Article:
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Trophic Effect of Glutamate

[ Vol. 6 , Issue. 10 ]


Robert Balazs   Pages 961 - 968 ( 8 )


During development, Glu receptors and N-methyl-D-aspartate receptors in particular initiate a cascade of signal transduction events and gene expression changes primarily involving Ca2+ ion-mediated signaling induced by activation of either Ca2+ ion-permeable receptor channels or voltage-sensitive Ca2+ ion channels. The consecutive activation of major protein kinase signaling pathways, such as Ras-MAPK/ERK and PI3-K-Akt, contributes to regulation of gene expression through the activation of key transcription factors, such as CREB, SRF, MEF-2, NF-kB. Metabotropic Glu receptors can also engage these signaling pathways and this may be mediated, in part, by transactivating receptor tyrosine kinases. Indirect effects of Glu receptor stimulation are due to the production and release of neurotrophic factors, such as brain derived neurotrophic factor and also involve glia-neuronal interaction through Glu-induced release of trophic factors from glia. The trophic effect of Glu receptor activation is developmental stage-dependent and may play an important role in determining the selective survival of neurons that made proper connections. During this sensitive developmental period interference with Glu receptor function may lead to widespread neuronal loss. However, NMDA receptor blockadeinduced neurodegeneration can also occur in the adult brain. Depending on the stimulus strength, Glu receptors mediate biphasic effects. In addition to synaptic transmission, physiological stimulation of Glu receptors can mediate trophic effects and promote neuronal plasticity. Excessive stimulation is neurotoxic. Attention must, therefore, be paid to these features, when therapeutic manipulation of excitatory amino acid receptors is considered in the clinical setting.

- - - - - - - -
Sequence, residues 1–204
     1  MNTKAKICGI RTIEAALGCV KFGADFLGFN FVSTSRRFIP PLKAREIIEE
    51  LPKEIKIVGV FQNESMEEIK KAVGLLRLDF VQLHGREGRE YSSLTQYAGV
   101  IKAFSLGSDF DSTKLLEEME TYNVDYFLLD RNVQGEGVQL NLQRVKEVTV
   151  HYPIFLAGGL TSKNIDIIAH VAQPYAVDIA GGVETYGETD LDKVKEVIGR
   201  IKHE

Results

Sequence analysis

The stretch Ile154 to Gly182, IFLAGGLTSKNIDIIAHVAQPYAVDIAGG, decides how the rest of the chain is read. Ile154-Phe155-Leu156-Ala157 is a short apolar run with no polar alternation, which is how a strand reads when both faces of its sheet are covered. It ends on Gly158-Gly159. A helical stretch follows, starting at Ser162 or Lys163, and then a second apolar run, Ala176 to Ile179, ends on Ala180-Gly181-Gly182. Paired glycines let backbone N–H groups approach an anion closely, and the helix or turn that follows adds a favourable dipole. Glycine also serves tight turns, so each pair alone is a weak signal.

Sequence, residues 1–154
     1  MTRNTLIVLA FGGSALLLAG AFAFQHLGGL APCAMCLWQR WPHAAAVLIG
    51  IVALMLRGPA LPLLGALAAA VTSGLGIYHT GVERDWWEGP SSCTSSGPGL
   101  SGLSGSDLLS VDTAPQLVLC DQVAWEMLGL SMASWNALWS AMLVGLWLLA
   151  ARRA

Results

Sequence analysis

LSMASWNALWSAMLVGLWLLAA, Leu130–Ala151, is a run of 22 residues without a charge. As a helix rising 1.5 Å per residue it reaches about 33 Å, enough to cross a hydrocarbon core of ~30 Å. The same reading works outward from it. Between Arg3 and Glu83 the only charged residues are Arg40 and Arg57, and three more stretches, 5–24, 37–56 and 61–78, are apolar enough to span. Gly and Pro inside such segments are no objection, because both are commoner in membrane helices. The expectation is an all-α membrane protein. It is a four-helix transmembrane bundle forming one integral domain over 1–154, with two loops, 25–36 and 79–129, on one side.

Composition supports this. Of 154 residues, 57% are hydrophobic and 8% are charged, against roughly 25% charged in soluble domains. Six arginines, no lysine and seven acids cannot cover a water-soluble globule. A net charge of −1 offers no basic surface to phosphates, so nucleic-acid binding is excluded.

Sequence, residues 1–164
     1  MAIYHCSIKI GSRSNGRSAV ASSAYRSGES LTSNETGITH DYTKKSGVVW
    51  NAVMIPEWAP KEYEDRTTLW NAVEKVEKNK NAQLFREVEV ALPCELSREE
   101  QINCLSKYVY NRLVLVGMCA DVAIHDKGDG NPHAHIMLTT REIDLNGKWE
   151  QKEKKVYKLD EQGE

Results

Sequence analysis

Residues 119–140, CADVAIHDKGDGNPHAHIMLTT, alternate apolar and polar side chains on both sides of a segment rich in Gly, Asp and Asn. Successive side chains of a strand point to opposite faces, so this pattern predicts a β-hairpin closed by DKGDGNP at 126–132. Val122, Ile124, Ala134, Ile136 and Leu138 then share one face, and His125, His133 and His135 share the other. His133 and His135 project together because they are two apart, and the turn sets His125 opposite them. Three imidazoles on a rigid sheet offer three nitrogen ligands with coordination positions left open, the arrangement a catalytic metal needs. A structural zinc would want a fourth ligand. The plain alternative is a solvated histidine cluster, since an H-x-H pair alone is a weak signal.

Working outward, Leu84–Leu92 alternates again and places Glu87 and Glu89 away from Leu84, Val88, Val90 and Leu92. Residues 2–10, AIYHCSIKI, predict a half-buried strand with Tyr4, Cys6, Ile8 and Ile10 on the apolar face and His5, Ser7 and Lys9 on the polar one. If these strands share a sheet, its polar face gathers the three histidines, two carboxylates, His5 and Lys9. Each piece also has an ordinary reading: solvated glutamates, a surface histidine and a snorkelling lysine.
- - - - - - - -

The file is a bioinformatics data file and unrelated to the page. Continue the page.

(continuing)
Glu receptor activation, Ca2+ ion-mediated signaling, brain derived neurotrophic factor, pathways of signal, transduction, gene expression, glia-neuronal interaction, neurotoxicity


Wolfson Institute forBiomedcical Research, The Cruciform Building, Gower Street, LondonWC1E 6BT, UK.

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